Reliance on imported machines, fertilizers keeping PH farmers poor—expert | Inquirer News

Reliance on imported machines, fertilizers keeping PH farmers poor—expert

/ 05:44 PM July 07, 2022

BACOLOD CITY—Making affordable locally produced farm machinery and encouraging farmers to go organic are the key to Philippine agriculture’s survival, a US-based Filipino agriculture bio-systems engineer said.


Manuel Reyes, a research professor at Kansas State University, was one of the resource persons at the “Philippine open systems agriculture machinery manufacturing workshop” at a Regenerative Agriculture International Conference at May’s Garden in the city that ended on Wednesday (July 6).

“We need to focus on agriculture where the money returns to the community,” Reyes said.


“We are dependent on sophisticated foreign machines that our farmers do not need. We need simple machines made by Filipinos for Filipinos,” he added.

Reyes said there was a need to veer away from buying expensive, complicated, and imported machinery that farmers cannot repair on their own.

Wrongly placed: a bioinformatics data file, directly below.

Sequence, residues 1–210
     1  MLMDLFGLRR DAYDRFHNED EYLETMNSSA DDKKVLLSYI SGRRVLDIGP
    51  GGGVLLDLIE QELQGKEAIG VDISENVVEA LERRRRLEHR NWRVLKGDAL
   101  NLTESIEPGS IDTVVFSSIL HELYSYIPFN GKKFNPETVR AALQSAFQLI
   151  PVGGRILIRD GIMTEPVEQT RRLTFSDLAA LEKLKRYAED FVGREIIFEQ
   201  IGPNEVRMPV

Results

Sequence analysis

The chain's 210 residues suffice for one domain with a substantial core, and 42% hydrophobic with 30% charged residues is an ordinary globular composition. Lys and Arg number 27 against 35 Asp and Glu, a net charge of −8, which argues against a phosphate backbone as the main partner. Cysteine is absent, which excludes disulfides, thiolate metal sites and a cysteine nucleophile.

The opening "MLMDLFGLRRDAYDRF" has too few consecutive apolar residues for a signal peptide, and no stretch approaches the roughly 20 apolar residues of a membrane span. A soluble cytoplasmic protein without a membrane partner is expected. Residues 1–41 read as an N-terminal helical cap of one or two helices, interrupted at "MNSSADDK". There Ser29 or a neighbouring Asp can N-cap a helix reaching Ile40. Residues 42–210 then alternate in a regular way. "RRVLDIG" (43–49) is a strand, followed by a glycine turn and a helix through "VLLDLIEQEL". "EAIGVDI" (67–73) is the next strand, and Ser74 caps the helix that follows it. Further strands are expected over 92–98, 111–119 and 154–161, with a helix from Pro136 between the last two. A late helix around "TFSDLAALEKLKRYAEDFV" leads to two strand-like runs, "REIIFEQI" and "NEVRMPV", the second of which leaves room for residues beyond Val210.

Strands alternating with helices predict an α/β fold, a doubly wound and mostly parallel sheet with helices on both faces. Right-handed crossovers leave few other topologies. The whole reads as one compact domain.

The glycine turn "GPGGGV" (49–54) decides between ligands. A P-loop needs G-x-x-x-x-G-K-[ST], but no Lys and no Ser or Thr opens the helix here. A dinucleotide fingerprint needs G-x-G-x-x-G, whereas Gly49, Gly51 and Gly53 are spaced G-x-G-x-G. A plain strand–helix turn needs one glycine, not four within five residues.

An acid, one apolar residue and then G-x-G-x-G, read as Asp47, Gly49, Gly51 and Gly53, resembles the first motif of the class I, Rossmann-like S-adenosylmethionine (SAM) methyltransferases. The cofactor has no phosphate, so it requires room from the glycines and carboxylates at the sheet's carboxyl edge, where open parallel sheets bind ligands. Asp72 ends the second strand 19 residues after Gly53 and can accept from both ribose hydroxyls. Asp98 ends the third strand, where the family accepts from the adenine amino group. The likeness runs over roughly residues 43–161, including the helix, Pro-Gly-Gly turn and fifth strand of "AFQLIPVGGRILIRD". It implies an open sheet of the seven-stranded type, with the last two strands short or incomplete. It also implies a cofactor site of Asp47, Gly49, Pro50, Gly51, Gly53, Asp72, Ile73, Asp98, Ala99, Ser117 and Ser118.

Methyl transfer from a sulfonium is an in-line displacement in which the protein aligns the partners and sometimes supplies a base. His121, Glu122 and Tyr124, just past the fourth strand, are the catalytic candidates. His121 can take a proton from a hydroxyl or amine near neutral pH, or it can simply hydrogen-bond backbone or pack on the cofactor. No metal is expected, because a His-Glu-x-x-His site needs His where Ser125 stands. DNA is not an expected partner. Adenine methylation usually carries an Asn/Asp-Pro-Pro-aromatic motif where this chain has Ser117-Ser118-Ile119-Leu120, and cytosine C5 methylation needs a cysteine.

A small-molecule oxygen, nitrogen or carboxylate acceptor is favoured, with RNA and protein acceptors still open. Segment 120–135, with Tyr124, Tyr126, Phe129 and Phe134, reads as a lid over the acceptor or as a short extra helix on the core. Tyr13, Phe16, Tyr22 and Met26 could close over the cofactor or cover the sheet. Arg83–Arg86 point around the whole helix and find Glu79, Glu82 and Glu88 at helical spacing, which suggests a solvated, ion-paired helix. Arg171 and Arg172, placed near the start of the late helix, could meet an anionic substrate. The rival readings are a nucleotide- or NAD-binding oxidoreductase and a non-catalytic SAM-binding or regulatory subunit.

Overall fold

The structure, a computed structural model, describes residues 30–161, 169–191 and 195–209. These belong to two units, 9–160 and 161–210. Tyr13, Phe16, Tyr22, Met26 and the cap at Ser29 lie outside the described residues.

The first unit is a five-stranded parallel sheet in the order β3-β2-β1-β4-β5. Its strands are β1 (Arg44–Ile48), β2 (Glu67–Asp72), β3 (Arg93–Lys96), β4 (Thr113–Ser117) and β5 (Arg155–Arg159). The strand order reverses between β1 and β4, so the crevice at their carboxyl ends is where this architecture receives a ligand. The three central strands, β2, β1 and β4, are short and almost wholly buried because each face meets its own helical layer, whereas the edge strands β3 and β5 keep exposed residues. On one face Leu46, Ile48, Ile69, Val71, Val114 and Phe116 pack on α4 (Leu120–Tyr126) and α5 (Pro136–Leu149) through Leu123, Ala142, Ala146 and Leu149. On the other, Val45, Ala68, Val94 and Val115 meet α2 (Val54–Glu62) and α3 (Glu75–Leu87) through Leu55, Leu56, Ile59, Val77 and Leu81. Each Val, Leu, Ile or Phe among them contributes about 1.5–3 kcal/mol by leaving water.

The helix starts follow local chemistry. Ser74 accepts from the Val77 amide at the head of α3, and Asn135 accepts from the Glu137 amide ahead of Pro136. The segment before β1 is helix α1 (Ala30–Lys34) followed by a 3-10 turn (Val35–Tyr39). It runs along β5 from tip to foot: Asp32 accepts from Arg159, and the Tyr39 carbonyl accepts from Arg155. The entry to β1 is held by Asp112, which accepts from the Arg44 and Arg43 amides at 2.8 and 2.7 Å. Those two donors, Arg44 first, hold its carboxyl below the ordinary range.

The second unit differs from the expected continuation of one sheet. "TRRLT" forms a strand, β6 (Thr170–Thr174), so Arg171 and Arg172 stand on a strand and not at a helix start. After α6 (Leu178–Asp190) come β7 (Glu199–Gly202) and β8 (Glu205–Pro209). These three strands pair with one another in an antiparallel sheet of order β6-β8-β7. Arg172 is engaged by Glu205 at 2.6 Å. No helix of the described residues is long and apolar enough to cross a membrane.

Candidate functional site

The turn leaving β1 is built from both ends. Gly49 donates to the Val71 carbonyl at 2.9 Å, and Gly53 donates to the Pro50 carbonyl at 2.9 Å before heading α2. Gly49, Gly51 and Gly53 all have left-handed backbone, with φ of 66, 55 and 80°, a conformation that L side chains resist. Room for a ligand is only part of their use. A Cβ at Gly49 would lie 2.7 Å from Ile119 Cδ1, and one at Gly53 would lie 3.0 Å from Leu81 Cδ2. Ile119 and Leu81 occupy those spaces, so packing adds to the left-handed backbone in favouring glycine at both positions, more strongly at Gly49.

“If the Philippines continues to rely on imported farm machinery, the farmers will always be stuck in poverty,” Reyes said.

“We need to develop machines for the farmers, targeting the farmers and giving employment to the community,” he added.

Reyes also stressed the need to focus on organic agriculture and the use of locally produced fertilizer.

“Organic fertilizer produced by local farmers will free the country from having to buy expensive imported fossil fuel-based fertilizer,” he said.

Organic farming, he said, will also enable farmers to diversify into other crops, protect the environment and biodiversity, and boost the health of the people.


Ramon Uy, president of the RU- Ecological and Agricultural Development Foundation Inc. that hosted the international conference, said the production of local farm machinery will provide jobs and organic fertilizer will be additional sources of income for farmers.

“Unfortunately the focus of the government is always on increasing production, not on increasing the wealth of the farmers,” he said.

“More production does not translate to more profit for the farmers. There should be focus on how to make the farmers rich and farming sustainable,” he said.

Uy said he hoped President Ferdinand Marcos Jr. puts more focus on organic farming and allocates a larger budget for it.


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TAGS: farm machinery, organic farming
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